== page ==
I find this turn of events almost incomprehensible. Why is it that Yushchenko was not able to find a compromise with the Tymoshenko bloc which shares virtually all his political and reformist ideals and principles, but was able to strike a deal with the very forces that cheated him of his election victory, were likely responsible for his poisoning, and whose policies and ideology are completely antagonistic to his own? Has his personal animosity for Yulia Tymoshenko so clouded his judgment that he prefers the company of Yanukovich, Kuchma and his gang? Was confirming a caretaker government for six months worth sacrificing all the most fundamental principles and ideals that brought all those hundreds of thousands of people to the Maidan last November and December? The irony of the situation is that most political experts say that Yushchenko could have gotten Yekhanurov confirmed as PM, albeit narrowly, without the support of Yanukovich and his Regions party.
It has become abundantly clear that whereas Yushchenko may have succeeded brilliantly in staging a revolution, he clearly lacks the skills that it takes to govern effectively and to manage the political processes in this country. To me, it is personally saddening, because I believe in his personal integrity and commitment. Nonetheless, he has fallen significantly short of being the leader everyone expected.
So now it seems to be business as usual in the running of the country, and neither I nor anyone in Ukraine should take comfort in that statement. The only winner in all that has transpired is Yulia Tymoshenko. Going into the Parliamentary elections next March she can effectively claim to be the only true inheritor of the orange revolutionary mantle. You can rest assured that she will campaign aggressively claiming that Yushchenko and his bloc have sold out the revolution and are no better than their predecessors. Whether she can win a majority remains to be seen.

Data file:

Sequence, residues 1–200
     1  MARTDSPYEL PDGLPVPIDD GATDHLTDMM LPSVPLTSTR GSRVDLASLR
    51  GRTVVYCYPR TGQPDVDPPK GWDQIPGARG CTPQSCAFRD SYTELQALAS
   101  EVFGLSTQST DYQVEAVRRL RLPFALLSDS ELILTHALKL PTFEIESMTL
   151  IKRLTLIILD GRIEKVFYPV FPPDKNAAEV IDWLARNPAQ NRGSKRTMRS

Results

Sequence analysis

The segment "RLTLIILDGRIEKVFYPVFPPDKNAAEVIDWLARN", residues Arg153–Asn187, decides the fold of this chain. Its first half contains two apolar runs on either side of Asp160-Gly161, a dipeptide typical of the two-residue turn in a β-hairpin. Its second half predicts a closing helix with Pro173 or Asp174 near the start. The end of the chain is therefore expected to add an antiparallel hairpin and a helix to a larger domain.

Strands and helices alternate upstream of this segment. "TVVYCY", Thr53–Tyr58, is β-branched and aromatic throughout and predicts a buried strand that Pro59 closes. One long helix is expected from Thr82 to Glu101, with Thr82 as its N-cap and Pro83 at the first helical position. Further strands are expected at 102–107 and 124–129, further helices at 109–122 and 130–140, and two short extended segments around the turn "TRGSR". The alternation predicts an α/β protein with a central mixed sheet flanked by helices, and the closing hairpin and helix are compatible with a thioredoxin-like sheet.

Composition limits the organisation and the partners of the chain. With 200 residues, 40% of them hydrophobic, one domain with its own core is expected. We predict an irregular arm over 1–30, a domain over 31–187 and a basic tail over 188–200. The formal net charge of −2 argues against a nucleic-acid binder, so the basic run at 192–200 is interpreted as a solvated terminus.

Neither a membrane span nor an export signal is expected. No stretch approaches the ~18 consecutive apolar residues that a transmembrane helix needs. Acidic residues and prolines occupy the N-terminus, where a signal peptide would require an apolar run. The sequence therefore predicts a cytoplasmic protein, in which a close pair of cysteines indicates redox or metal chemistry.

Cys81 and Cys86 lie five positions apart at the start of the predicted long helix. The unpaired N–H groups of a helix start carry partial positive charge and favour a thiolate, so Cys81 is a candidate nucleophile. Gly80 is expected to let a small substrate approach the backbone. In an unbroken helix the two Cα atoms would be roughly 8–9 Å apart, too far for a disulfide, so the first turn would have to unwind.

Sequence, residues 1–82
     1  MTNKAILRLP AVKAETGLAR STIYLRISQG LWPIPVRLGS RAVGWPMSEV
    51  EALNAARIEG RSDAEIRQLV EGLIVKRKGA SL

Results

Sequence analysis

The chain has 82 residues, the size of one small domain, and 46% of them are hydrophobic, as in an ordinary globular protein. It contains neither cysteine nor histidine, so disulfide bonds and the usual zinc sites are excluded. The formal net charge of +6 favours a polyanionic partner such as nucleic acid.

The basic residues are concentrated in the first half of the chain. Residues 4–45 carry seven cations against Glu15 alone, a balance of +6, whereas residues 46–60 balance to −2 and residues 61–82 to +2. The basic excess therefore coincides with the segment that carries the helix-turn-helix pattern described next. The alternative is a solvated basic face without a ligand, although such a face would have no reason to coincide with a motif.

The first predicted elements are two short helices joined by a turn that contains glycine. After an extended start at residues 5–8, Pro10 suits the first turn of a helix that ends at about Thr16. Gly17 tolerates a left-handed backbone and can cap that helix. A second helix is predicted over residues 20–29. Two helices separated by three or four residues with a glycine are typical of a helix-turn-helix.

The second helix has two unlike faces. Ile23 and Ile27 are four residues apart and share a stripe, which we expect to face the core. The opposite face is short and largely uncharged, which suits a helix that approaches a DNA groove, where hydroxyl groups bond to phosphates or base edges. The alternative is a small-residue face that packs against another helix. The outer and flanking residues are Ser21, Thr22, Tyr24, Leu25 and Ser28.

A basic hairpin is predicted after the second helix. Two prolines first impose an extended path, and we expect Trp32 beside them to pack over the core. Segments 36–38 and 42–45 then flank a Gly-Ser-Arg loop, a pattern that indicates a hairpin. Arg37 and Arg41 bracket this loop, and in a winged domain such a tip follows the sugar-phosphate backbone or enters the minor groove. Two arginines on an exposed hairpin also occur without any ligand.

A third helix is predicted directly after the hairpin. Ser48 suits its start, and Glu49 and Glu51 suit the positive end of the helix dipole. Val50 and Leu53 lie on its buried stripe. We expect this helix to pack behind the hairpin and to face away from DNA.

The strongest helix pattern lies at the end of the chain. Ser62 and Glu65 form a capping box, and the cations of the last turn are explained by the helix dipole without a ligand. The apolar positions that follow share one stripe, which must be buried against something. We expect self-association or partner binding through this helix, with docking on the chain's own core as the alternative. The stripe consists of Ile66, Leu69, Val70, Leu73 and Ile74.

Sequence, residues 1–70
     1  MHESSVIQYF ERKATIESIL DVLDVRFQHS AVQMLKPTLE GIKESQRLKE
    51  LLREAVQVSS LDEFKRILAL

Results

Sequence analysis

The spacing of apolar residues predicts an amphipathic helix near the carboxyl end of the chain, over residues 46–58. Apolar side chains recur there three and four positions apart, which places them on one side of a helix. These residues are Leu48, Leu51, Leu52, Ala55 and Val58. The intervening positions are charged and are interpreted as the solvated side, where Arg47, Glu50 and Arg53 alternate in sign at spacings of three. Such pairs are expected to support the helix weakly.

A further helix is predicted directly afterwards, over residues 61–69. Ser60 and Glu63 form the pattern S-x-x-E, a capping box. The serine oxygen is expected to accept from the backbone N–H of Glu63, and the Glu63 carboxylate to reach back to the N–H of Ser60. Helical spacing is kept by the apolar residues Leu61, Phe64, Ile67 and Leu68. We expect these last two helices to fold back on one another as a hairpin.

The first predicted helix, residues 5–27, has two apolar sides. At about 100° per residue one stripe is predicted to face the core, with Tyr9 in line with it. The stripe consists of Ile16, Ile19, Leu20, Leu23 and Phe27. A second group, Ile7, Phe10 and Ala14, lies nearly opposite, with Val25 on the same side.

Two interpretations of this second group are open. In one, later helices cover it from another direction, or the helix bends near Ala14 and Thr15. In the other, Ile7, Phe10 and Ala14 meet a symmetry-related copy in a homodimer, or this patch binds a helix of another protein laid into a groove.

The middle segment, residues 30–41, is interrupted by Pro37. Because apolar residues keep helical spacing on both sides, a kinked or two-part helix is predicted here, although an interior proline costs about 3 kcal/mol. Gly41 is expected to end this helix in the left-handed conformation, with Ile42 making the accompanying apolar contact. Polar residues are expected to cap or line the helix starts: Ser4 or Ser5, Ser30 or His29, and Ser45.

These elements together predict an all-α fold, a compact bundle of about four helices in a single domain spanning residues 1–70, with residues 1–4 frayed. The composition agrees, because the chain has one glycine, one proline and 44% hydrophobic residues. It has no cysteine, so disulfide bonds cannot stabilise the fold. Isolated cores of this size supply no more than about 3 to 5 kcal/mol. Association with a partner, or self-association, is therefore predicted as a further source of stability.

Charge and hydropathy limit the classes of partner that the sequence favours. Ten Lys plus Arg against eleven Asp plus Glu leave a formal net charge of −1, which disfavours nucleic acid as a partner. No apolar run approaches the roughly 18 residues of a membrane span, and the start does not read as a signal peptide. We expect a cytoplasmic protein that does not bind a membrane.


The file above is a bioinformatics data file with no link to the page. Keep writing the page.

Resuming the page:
The big losers of course, are all those millions of people who believed those inspiring ideals and promises that were so eloquently proclaimed on the Maidan.Who are they to believe and trust now?
Back to me: Kish's piece echoes what I have heard most people in Ukraine saying so far, on the street--and I have been in Odessa and Lviv, while talking with others in various parts (Poltava, Kyiv, and a small west-Ukrainian town). One can certainly bet that Tymoshenko will campaign on promises to continue reprivatization and prosecution/lustration--of higher ranking officials, not school teachers. (Lustration in the former Czechoslovakia, for example, targeted higher-ranking officials, not the run-of-the-mill apparatchyky or party grunts, on the theory that people in greater positions of power and authority bare greater responsibility. Ukraine does need some kind of Peace and Reconciliation process. . .Yushchenko seems to me to be too willing to give up on that process on the basis of a percieved threat of a too great instability )
3) Kuzio on the deal.
Neeka mentions that Tymoshenko was in Moscow over the weekend meeting with the Prosecutor-General, and possibly with Putin himself, and that all charges against her have now been dropped.
Any suspicious commentary/thoughts?
And oh, I am disappearing into the selo (village) world for a while and so won't have chance to re-surface in cyberspace for a few days (I may venture to Ternopil from Pidhajtsi ina couple of days if the itch for internet and news and email gets too great). I will be visiting family, chatting about politics, and working in the fields, helping various family groups bring in the rest of the sugar beet harvest, and do whatever else remains. I will also be filming a lot, especially the fall harvest, all for the section of the doc I am working on in which I will try to convey a sense of what it means to work the land truly by hand, and what it means to be a subsistence farmer.